Fed-up San Francisco voters ousted their progressive district attorney on Tuesday in a recall election that rejected his soft-on-crime policies following surges in shameless shoplifting, car break-ins and rampant, open-air drug dealing.
The recall effort against Chesa Boudin, a former public defender and the son of convicted Weather Underground terrorists, was supported by 61% of voters in early returns, according to NBC.
Tuesday’s recall election, Proposition H on the ballot, could prove a bellwether of voter sentiment across the US, including in New York City, where Manhattan District Attorney Alvin Bragg has faced widespread criticism since enacting a slew of progressive policies after taking office in January.
“Around the country, we have seen the rise of the so-called progressive DAs,” Richie Greenberg, a former Republican mayoral candidate and spokesman for the recall effort, told The Post before Tuesday’s vote.
“We here in San Francisco have lived it and we don’t want to see the great city of New York fall in the way that San Francisco has.”
New York does not have recall elections but its governor is empowered to remove district attorneys who fail to do their jobs.
Boudin’s loss followed February’s recalls of three San Francisco school members amid outrage over their decision to spend time renaming one-third of the city’s schools instead of re-opening classrooms closed due to the COVID-19 pandemic.
Mayor London Breed — who in December announced a crackdown in which cops would be “less tolerant of all the bulls–t that has destroyed our city” — will name Boudin’s replacement until a special election is held in November.
The selection process could be complicated, however, by another ballot measure, Proposition C, that, if passed, would bar Breed’s pick from running in the special election, according to the San Francisco Chronicle.
Boudin, 41, was narrowly elected in 2019 amid a nationwide wave of victories by progressive DA candidates who vowed to reform a criminal justice system they called historically racist and unfair.
But residents of ultra-liberal San Francisco, population 815,000, soon soured on Boudin’s vision of “radical change to how we envision justice,” which included prohibitions on seeking cash bail, prosecuting juveniles as adults and seeking tougher sentences under California’s anti-gang or “three strikes” laws.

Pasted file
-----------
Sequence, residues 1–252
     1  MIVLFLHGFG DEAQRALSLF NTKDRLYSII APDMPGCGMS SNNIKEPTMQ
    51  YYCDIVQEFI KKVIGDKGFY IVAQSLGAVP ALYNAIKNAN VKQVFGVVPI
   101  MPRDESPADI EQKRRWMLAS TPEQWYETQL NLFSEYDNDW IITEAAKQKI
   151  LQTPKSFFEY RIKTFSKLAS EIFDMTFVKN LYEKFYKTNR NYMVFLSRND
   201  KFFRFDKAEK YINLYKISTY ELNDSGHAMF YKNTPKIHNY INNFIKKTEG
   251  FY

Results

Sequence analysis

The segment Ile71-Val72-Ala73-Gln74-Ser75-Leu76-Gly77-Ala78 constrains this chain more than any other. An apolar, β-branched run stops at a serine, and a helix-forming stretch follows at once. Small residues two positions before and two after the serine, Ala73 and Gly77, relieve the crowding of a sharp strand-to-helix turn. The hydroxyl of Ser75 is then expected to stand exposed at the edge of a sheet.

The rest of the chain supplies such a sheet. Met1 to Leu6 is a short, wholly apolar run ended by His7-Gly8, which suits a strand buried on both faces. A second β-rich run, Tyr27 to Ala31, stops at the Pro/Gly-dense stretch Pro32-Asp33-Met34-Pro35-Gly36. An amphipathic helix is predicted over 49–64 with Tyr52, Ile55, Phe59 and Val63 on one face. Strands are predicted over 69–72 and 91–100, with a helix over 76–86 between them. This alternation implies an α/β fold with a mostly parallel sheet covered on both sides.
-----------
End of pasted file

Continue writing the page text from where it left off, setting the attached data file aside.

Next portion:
Viral videos have revealed shoplifters running rampant during smash-and-grab thefts at high-end stores, with city police Lt. Tracy McCray lamenting to Fox News last year that “we can have a greatest hits compilation of people just walking in and cleaning out the store shelves.”
Offenses against Asian-Americans also proliferated amid the pandemic, with lifelong resident Henry Wong, 74, who worked for the late comedian Robing Williams saying that people “spit on me on elevators, on the streets” and calling Boudin “the worst district attorney the city has ever had.”
“These are crimes,” Wong told the Washington Post.
“And he doesn’t care. It’s just so easy to break the law.”
The latest official police statistics show that overall crime in the city is up nearly 8 percent this year, with a 20 percent surge in larcenies, as well as spikes in homicides, rapes and assaults.
Most polls conducted in the run-up to Tuesday’s election indicated that voters were poised to get rid of Boudin by a wide margin, with a Friday survey published by the San Francisco Examiner showing 56% in favor of removing him.
Boudin’s supporters pinned the recall effort on conservatives and business groups that raised more than $7 million to oust Boudin, who doubled down on his policies at a recent campaign event.
“This is not a recall campaign interested in safety or in truth or in justice or in solutions, it’s interested in division, in fear and spreading hate and undermining policies…that make our communities safer,” he said.
Boudin is the son of Kathy Boudin and David Gilbert, who served as getaway drivers for the infamous 1981 robbery of a Brink’s armored car in Rockland County, during which two cops — Nyack police Sgt. Edward O’Grady and Officer Waverly “Chipper” Jones — and Brink’s guard Peter Paige were murdered.
Kathy Boudin was paroled in 2003 and died of cancer in May.
With Post wires